In every case I see it's due to sloppy repair of a failed disk or system when the owner has had someone reinstall Windows and the repair installer has used an invalid or illegal Product Key or Volume Licensing Key instead of the owner's perfectly valid copy. I cannot begin to guess why this is done, since it simply isn't necessary and ends up costing the end-user in the long run.
How painful is it to pay somebody to come and fix the problems caused by the guy you originally paid to come and fix your computer problems?
Recently I came across an instance of this, for which the re-installer had used a different version of Windows XP, that is Windows Professional, instead of Windows XP Home. Sadly that meant that instead of just reinstalling the valid XP Home Product Key, which would not work for the XP Pro installed on his system, the owner had the choice of re-installing Windows from scratch, or buying a new license from Microsoft for $149.
Neither choice is painless, but in this case, it was less painless for the owner to simply buy the new license to make his system legal and avoid being harangued by Microsoft over his illegal system.
And that's what will happen. When Windows is updated it installs a validation program as well as the updates to see if the operating system has a valid Product Key and Activation. If this program, the so-called, WGA, or Windows Genuine Advantage program, fails to find a valid copy of Windows, it begins to complain all the time, on login, and randomly interrupts the user at work as well.
The same thing happens with Microsoft Office -- I regularly run across systems with illegal Enterprise Microsoft Office licenses installed which require either a removal and reinstall with a valid license or the purchase of an Enterprise license from Microsoft -- whoa that's EXPENSIVE.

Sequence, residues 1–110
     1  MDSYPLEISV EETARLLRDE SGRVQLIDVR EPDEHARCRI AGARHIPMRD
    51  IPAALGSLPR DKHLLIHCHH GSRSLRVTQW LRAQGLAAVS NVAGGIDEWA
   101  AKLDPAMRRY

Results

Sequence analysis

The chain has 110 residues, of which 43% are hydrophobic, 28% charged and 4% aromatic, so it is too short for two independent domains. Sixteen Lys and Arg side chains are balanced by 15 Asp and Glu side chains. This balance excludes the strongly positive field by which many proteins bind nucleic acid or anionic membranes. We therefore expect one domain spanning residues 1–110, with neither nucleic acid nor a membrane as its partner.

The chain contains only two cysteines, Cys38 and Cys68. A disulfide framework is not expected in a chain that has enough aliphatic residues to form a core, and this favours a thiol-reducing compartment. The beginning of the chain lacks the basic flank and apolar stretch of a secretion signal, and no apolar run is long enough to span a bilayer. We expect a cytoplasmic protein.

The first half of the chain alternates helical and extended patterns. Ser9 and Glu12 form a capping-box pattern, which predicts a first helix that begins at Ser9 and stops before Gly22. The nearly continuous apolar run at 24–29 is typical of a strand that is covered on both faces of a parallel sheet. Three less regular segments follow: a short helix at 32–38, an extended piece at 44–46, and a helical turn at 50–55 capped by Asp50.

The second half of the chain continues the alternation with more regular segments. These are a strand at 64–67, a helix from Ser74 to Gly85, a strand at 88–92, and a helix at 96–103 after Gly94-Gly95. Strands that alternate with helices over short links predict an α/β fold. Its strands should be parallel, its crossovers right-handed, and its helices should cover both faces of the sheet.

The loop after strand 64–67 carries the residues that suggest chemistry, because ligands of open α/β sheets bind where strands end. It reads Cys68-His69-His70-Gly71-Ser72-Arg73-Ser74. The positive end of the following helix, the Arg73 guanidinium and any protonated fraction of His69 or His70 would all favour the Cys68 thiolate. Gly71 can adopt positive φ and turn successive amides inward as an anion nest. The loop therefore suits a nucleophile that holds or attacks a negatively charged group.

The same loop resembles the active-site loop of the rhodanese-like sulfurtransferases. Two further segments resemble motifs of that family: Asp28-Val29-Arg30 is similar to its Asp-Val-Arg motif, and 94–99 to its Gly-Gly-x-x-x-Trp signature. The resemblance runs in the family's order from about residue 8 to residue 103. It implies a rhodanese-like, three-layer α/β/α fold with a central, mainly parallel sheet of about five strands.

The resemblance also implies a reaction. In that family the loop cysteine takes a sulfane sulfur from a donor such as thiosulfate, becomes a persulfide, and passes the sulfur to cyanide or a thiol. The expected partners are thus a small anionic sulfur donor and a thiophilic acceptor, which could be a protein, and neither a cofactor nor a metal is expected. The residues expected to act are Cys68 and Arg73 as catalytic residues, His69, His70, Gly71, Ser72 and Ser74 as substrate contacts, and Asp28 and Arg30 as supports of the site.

The moral of this story is: Absolutely and positively make sure that your support person uses your legal and valid software and version when he reinstalls it, and that he enters the correct Product Key for the license you own. Period.
Every computer system you buy running Windows, from XP through Vista, and to Windows 7 comes with a sticker on the computer with your Product Key and Windows version listed. Save that information. Write it down. Paste a copy on the reinstall or recovery disk.
Also most computers still come with a reinstall disk from the manufacturer, such as Dell, or HP, or whomever. Guard that disk well. I keep mine either velcroed to the side of the machine or in a pouch taped to the side of the machine. I do not want to misplace it.
Some systems now do not ship with reinstall software, but only come with a partition of the hard disk with so-called "recovery" software installed on it, which will return the system to its as-purchased state. Unfortunately it cannot recover your disk if the disk itself has failed. If your computer does not automatically come with a reinstall software or a recovery disk, do buy it as an option. It's usually less than $20, and will save your bacon if you need it.
OK, one last thing. All this talk of re-installing Windows software compels to me to add:
If you have to reinstall your OS, you also have to re-install your data including all your documents, photos, email, and the like.
You have backed up you computer, haven't you?
Good. I'm glad to hear it.
PS In case you are one of those people who has not backed up his system, take a look at the following 2 articles in this blog, Cloud-Based On-Line Backup for free (up to 2 GB), and Bring in the Clones, how to cheaply backup your system by cloning the hard disk automatically.
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